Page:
SUEZ—–“Oh, Ferdinand! Are you insane?” sputters an incredulous Countess Eugenie de Montijo (Loretta Young) to ardent suitor/upstart dreamer Ferdinand de Lessups (Tyrone Power), proposing in the face of a five-year separation. He plans to dig a 100-mile canal through the Egyptian desert. Spurning sand for security, she marries Emperor Louis Napoleon III, and Ferdinand, dumped, digs his ditch. Desire, disaster and Destiny await. As accurate history, the screenplay amounts to “Su-ez who?”, but as big-time Hollywood tale-telling, circa 1938, it’s an eye-pleasing and entertaining 104 minutes.
Directing, prodigious old-timer Allan Dwan marshaled a lavish $2,000,000 budget to blend chatty fiction with assorted historical personages (Disraeli, Victor Hugo, Franz Liszt–why not?), set-piece spectacle, fate-stricken romance, a few laughs (the ‘carefree’ kind). Naturally, as a vehicle for Fox’s adventure-epic leading man, the script doesn’t do all that much with actual decade-long canal construction and attends more with Ferd/Ty’s personal frets. *
Production maestro Darryl Zanuck liked to showcase Power surmounting odds—he’d recently dashed through a legendary inferno for In Old Chicago and after this would handle earthquake & flood when The Rains Came. Here, it’s Turkish saboteurs blowing up mountainsides, and then a titanic gust from Mother Nature in the form of a monster sandstorm that give special effects technicians another haymaker to deliver. Less destructive, there are a number of elegant sets, a courtly ballroom dance, lots of crowds, swell costumes and a good supporting cast.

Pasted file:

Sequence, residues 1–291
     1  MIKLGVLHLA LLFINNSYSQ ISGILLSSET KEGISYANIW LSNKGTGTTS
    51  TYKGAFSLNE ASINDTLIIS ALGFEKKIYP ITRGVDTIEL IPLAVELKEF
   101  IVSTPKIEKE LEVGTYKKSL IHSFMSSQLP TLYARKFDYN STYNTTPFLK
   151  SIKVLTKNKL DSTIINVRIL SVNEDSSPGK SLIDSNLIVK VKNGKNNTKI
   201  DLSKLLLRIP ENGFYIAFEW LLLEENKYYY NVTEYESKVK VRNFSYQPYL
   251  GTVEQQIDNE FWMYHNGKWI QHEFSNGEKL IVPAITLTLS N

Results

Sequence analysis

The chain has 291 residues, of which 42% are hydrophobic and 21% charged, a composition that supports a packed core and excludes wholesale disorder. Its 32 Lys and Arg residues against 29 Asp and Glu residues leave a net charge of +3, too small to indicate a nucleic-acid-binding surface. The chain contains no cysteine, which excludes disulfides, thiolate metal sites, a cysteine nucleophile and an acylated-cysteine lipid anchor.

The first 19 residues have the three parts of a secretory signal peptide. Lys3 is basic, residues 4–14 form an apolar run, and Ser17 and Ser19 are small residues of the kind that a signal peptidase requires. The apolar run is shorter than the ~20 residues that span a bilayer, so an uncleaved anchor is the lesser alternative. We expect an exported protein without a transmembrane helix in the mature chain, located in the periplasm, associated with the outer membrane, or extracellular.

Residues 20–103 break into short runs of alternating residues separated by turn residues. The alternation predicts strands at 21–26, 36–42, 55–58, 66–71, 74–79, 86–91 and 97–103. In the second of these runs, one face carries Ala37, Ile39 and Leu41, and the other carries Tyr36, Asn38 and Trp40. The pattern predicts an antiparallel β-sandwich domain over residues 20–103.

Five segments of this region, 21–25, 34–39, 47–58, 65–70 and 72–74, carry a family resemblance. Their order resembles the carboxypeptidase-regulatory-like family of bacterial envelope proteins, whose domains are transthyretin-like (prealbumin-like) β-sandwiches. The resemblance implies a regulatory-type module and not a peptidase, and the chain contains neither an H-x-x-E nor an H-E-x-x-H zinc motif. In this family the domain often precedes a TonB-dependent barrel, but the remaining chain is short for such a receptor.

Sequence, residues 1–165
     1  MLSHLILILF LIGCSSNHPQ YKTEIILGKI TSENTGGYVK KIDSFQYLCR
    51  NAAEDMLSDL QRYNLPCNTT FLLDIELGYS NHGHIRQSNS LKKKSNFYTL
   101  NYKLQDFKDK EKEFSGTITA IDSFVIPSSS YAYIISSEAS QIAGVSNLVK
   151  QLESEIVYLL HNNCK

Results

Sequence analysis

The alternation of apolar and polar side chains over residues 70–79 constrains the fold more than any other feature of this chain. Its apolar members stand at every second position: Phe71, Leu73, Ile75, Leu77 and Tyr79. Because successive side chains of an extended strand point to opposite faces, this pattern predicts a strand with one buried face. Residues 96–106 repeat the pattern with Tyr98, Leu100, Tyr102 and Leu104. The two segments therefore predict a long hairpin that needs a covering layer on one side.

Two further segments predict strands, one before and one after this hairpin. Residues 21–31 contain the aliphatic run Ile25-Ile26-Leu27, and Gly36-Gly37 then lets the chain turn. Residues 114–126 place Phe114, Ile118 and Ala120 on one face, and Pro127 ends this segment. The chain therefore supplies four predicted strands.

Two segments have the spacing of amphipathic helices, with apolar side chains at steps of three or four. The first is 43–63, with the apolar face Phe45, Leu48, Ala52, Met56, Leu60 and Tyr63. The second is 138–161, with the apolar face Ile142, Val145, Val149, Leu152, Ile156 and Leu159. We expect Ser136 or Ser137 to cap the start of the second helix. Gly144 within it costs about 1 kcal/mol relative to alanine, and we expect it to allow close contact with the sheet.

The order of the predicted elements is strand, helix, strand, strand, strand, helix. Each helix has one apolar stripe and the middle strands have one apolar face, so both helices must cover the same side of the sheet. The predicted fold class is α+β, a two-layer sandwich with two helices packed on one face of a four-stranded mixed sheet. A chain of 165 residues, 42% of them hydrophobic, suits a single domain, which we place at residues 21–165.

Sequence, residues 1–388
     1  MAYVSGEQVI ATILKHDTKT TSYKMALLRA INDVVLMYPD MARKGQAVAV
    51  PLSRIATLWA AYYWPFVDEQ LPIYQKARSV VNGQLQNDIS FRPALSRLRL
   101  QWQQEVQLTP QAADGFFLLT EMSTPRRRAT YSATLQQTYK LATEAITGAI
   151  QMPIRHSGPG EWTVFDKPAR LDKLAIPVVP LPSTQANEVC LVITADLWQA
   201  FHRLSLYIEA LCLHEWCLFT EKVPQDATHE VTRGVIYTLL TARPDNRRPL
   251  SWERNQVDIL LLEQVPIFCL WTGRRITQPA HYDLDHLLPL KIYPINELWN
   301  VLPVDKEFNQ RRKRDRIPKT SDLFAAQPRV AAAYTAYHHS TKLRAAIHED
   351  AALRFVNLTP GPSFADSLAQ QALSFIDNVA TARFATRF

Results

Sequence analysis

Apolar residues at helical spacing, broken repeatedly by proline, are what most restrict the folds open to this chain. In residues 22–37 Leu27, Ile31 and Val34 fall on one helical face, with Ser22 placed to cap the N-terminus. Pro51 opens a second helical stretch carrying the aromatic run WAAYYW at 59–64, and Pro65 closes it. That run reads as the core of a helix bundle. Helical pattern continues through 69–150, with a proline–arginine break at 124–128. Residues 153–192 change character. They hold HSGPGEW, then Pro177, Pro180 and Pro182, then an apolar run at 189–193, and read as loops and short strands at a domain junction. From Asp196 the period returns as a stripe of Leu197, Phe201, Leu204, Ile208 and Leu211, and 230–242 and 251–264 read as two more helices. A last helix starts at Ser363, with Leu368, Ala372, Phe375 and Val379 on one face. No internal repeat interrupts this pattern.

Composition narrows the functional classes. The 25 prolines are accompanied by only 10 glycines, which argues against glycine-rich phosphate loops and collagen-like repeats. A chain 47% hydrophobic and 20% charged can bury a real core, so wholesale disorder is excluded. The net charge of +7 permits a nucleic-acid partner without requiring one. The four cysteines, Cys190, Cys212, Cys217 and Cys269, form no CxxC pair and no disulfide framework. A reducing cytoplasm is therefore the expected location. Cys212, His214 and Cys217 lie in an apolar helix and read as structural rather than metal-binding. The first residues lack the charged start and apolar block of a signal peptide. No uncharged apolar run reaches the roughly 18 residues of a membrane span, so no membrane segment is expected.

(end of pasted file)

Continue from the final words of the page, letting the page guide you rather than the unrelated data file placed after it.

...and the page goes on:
Young is okay, Power does a solid job, and both he and the picture scored a major plus with French co-star Annabella. A big star in France, the beautiful and talented actress, 31, and her smitten 24-year-old co-star began an affair, then married after the film was released. A spiteful Zanuck, angry at the stars shenanigans, blackballed her stateside career (Europe was soon out, too, thanks to Hitler) and moviegoers lost out. Her pluck and animation shine here, and the scenes with her leading man click home. Somehow, director Dwan sidestepped/convinced (breasted?) censors to allow a racy oasis-dunk scene that was as risqué as anything since the boob-averse Hays Code had locked its muzzle on sex-fun for US audiences. Of course, there is screenplay payment exacted for such exotic scamps (volcano, firing squad, whatever), so uptight prudes won’t let foreign nipples ruin their cross-burnings.
Speaking of special visual effects, that sandstorm is a whopper. The movie earned Oscar nominations for Cinematography, Music Score and Sound, and came in 19th for the year (Power hitting big, with Alexander’s Ragtime Band at #1 and Marie Antoinette #7).
With Joseph Schildkraut, J. Edward Bromberg, Henry Stephenson, Miles Mander, Leon Ames, Sig Rumann, Nigel Bruce, Maurice Moscovich, Sidney Blackmer and George Zucco.
* Allan Dwan started by directing a short in 1911; his last film was released in 1961. In between were another 405 credits, big and small: most noteworthy are 1922s Robin Hood with Douglas Fairbanks, the Shirley Temple versions of Heidi and Rebeccca Of Sunnybrook Farm and Sands Of Iwo Jima. As for Ferdinand de Lesseps, his real life was a full one, including 17 children from his two wives, a failed attempt on doing the Panama Canal and was the dignitary who formally presented the Statue of Liberty to the United States. When this facthazard 1938 biopic was shown in France, descendants of de Lesseps sued 20th-Century Fox, citing that the famous engineer was 54 when he first went to Egypt, and never conducted an affair with the Empress Eugenie. The case was tossed, after determining that, libelous or not, the lively Suez brought more glory to France than dishonor on the family. Vive la Hollywood!